FROM Martin Cohen
Political Party Conventions: What Are They For? Party conventions used to nominate presidential candidates. Now that's all done in advance. Next week's Republican Party convention plans to break with tradition. Instead of waiting until Wednesday, they'll nominate Mitt Romne y on Monday, the first day of their convention in Tampa. Does that mean conventions don't matter? Recent history suggests that they do. Remember Barack Obama's keynote speech in 2004? Remember Sarah Palin in 2008? We hear about conventions past — with the voices of Franklin Roosevelt, Hubert Humphrey, John F. Kennedy and Ronald Reagan. How have the raucous gatherings of political insiders evolved into carefully scripted TV productions? Will the Republicans finally unite behind Mitt Romney next week in Tampa? Can they survive the Florida weather?
Janesville and the American Dream Janesville, Wisconsin is the hometown of Republican House Speaker Paul Ryan. But he couldn’t prevent the closing of the General Motors factory after 100 years. On this Memorial Day rebroadcast of To the Point, we hear what’s happened to what once was a model of American middle-class unity.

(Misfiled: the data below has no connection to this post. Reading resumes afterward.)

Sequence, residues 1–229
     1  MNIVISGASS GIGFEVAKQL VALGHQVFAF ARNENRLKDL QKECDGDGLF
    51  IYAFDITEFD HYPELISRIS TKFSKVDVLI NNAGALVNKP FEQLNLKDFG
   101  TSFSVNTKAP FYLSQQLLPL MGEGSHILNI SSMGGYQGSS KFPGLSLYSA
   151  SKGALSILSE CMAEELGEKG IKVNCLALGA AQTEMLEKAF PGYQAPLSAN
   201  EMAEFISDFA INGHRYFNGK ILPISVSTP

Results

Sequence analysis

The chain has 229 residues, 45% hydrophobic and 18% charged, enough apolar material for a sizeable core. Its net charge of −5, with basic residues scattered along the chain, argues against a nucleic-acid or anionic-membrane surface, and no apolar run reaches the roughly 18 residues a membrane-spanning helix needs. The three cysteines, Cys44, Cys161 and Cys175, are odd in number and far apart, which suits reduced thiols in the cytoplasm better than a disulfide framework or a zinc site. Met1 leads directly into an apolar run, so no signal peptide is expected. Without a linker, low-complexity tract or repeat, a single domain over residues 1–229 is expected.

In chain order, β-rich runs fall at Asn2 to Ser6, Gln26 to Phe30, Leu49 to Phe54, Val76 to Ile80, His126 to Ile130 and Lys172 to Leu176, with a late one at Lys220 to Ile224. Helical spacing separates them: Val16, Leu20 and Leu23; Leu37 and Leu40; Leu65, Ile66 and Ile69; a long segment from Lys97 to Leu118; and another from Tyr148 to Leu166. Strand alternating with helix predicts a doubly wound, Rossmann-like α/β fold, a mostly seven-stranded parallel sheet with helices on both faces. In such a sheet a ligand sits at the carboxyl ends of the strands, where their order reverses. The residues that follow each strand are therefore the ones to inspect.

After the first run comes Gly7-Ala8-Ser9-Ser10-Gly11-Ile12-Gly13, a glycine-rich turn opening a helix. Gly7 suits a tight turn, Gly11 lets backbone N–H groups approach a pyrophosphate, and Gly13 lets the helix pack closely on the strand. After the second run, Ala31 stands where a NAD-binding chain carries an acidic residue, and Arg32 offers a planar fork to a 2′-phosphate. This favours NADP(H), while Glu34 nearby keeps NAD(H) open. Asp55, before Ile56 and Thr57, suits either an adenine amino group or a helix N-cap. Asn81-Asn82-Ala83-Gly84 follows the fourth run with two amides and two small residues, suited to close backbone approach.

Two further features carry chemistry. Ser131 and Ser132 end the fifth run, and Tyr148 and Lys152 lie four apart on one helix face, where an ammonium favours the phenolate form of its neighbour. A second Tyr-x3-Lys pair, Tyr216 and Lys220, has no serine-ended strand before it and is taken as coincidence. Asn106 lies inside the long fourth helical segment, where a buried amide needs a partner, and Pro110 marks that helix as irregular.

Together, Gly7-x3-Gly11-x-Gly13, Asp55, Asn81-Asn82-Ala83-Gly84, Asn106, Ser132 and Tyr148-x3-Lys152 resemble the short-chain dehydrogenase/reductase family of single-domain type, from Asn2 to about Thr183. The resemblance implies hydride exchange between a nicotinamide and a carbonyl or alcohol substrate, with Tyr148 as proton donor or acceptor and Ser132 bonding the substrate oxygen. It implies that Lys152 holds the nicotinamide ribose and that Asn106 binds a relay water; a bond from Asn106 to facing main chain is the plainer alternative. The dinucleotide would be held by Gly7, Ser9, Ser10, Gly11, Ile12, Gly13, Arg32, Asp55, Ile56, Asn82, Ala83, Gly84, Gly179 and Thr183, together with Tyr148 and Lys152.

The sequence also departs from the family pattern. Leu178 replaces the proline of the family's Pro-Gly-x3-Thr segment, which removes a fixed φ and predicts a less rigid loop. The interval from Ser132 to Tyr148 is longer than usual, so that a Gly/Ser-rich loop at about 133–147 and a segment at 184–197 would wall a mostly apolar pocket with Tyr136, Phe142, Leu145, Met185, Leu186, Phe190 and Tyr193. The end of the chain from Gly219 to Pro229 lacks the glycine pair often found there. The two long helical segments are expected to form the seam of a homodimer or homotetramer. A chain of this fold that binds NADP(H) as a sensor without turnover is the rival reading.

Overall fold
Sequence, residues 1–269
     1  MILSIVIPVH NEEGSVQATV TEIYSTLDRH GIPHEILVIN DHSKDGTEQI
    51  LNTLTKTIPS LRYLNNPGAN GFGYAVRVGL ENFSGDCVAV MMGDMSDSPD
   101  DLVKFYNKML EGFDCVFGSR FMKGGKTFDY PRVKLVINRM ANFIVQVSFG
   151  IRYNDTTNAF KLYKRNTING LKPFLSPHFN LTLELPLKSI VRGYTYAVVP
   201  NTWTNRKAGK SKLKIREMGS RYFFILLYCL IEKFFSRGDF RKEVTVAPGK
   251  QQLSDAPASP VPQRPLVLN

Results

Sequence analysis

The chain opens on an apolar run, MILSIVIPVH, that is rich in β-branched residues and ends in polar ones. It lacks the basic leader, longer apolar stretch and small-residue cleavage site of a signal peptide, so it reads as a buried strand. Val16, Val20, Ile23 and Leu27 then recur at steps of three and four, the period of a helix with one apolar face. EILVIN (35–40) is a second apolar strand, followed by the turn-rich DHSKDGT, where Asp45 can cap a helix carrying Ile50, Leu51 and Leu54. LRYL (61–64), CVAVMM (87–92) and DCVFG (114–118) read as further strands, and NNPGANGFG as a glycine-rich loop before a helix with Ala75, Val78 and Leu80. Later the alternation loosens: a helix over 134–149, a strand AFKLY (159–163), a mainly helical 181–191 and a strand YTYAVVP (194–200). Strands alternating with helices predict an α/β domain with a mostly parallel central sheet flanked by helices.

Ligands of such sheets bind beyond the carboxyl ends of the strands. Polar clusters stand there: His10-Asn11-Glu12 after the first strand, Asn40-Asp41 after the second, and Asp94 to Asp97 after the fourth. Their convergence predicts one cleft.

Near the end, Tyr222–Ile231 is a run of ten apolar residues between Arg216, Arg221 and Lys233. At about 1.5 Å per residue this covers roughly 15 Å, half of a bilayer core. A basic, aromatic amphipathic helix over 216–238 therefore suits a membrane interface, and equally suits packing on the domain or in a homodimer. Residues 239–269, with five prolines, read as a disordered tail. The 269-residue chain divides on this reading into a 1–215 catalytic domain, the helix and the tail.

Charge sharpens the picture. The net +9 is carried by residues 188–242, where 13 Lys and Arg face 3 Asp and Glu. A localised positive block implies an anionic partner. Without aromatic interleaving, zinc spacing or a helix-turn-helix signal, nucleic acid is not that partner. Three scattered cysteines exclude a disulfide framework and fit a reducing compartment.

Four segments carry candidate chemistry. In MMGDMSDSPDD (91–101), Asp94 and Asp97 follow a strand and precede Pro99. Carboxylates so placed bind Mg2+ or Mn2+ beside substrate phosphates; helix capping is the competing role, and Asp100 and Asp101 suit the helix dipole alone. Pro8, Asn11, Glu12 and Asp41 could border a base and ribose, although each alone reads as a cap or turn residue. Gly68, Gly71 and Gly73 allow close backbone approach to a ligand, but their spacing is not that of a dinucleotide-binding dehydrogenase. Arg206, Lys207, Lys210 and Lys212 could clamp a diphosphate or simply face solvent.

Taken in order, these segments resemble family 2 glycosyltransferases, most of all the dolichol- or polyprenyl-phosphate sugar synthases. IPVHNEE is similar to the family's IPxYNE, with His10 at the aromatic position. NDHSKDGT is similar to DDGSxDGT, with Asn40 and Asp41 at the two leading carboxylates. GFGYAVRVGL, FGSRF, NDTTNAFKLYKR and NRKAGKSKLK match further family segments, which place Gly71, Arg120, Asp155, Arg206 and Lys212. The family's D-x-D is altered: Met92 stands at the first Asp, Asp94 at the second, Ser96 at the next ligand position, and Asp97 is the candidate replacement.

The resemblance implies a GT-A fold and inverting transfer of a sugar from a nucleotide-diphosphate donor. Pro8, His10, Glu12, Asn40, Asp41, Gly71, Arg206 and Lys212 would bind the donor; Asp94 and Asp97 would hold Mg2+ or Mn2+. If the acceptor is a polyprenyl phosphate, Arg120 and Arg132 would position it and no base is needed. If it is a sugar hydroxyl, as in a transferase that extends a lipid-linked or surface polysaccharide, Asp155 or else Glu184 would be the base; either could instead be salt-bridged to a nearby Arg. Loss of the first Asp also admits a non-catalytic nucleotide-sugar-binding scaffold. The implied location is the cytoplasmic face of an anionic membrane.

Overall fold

The Trump agenda: where's the beef? President Trump says big things are happening. After celebrating a House bill on health care, he doesn’t yet have Senate agreement. With James Comey’s public testimony scheduled tomorrow, the President today tweeted his selection of a new FBI Director. Is the Chief Executive all style and no substance? Later, terror attacks in Iran and conflicting claims about who’s behind them.
What is Trump's plan for Middle East peace? On his first foreign tour, President Trump has promised "peace" between Israel and the Palestinians. Are there any details for re-starting talks that have been stalled for the past three years?
Trump plays scolder-in-chief with NATO allies At the opening of NATO’s dramatic new headquarters in Brussels today, President Trump acknowledged that Article 5 — promising that “an attack on one nation is an attack on all” -- has only been invoked one time: in the aftermath of September 11. But the President failed to provide what 27 other Alliance members have been waiting for: a re-commitment by America’s new leader to Article 5. Instead, they got a scolding.